|Blind Dog Tips
Here are Val's tips, Val wrote this to someone with a female dog and
I know she doesn't mind sharing. Please excuse the gender.
I'm adding a few of my own tips to the end:
There are a few things you can do to help her out with her adjustment
to her loss of sight.
1) Make sure
she does things on her own, don't do it for her. If need be, talk her thru
it then praise her when she accomplishes what she is trying to do. But
do not pick her up and take her where she needs to go.
2) Talk to her - a lot. I talk to Barney all the time. I let
him know when I'm leaving the room. (If I don't he will bark until I let
him know where I am.) I also use key words when I leave. If I'm going to
the store, I tell him I will be 'right' back; if I'm going to work, I tell
him I'm going to 'work'. With the emphasis on 'right' and 'work' he knows
how long I will be gone and seems to do well while I'm gone. If he is getting
ready to bump into something (this is less frequently than in the early
stages), I tell him 'watch' or 'careful'. With those words he knows to
3) I also placed runners in his 'trickier'
areas to navigate. I have one spot between my kitchen and dining/family
room that he would bump all the time. I put a runner there, so he now knows
when he is on that runner, he is in a 'safe zone'. It has been a hindrance
to me on occasions because he is so comfortable and feels so safe there,
he will lay on the runner. There have been a few times that he almost got
stepped on because that is the only path from the kitchen to the dining/family
room and rest of the house!
4) I have a runner on the back patio (the outdoor type) that
leads him to the area of the yard that doesn't have roses. He also has
discovered a place between 2 roses that is wide enough for him to get thru
and he has started going thru that way as well. Speaking of the roses,
I put the little wire fence by the roses so if he does get off track in
the yard, he will bump that and not a thorny bush. Much safer on the eye.
5) Put bells or extra tags on any other
animals in the house so she can hear where they are. Same for you and any
other members of your family. Wear flip flops or walk so she can hear you.
It helps them keep track of where people are.
6) Initially, I kept the TV on in the dining/family room to
help him with his bearings when I wasn't around to help him out. If you
have a radio or TV that you use all the time, keep that on and she will
know where the sound is coming from and know where she is in relation to
7) Do not move her food and water bowl.
If you see she is disoriented, go to her water dish and tap on it while
you call her name. This will help her figure out where she is. She may
have to go to her water bowl then start over, but that's ok. She will catch
8) Do not move the furniture in the house. The have the house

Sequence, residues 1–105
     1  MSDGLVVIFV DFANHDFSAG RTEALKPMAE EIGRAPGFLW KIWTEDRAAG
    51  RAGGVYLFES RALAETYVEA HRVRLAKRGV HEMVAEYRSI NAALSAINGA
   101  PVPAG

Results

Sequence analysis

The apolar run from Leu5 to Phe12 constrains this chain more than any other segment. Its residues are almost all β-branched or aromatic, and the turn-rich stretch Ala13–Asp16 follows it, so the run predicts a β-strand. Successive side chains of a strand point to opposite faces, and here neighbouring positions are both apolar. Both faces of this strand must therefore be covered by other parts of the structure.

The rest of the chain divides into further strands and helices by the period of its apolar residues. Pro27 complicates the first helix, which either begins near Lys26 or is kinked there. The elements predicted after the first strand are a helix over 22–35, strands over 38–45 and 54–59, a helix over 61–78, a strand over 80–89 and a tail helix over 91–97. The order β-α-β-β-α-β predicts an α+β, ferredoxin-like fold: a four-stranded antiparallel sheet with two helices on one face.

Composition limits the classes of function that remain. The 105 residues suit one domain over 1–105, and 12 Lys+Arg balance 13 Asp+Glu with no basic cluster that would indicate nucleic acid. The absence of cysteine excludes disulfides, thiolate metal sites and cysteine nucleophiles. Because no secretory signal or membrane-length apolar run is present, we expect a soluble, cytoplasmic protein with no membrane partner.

'mapped' out in their mind so if you move furniture, she will get confused
unless you take her in the room and 'show' her where everything is.
9) If you have a pool, make sure you have
a fence and keep the gate closed.
10) If you have a dishwasher, make sure you know where she is
at all times when the door is down. Especially if she is a relatively small
dog. My dishwasher door is right at eye level with Barney and he once ran
into it when he came in from outside. This was only a few days after he
had his right eye removed. I could tell by the way he acted that it hurt
like hell, so I now tell him 'door down' when I have it open and keep a
vigilant watch on where he is when it's open. I have a doggie door that
was installed before he lost his sight and he never skipped a beat going
thru it after he lost his vision. He even went thru it with his hoop within
10 seconds of having it on for the first time!
11) Some people say to mark places with
scents (like citrus, vanilla etc). I didn't use these. Everything has a
scent of its own and since his nose is more sensitive than mine, he can
smell the natural scents of things. When he is in the yard, he relies heavily
on his sense of smell to get around. I have noticed that he goes in the
same areas all the time and is smelling the entire time. Even when he comes
in, he is smelling his 'path' and comes right to the doggie door with no
troubles at all.
12) I also have a hoop from a man on the blind dog page, http://www.pepedog.com/
and when company comes over, I put that on him. It serves 2 purposes
1) he loses his bearings and has a tendency to bump into things when
he gets excited
2) it helps people to remember that he is blind. He gets around so
well, that people that aren't used to him forget that he is blind and he
gets stepped on because they are expecting him to move when he isn't aware
they are there.
But most of all, talk and praise. It will help her tremendously.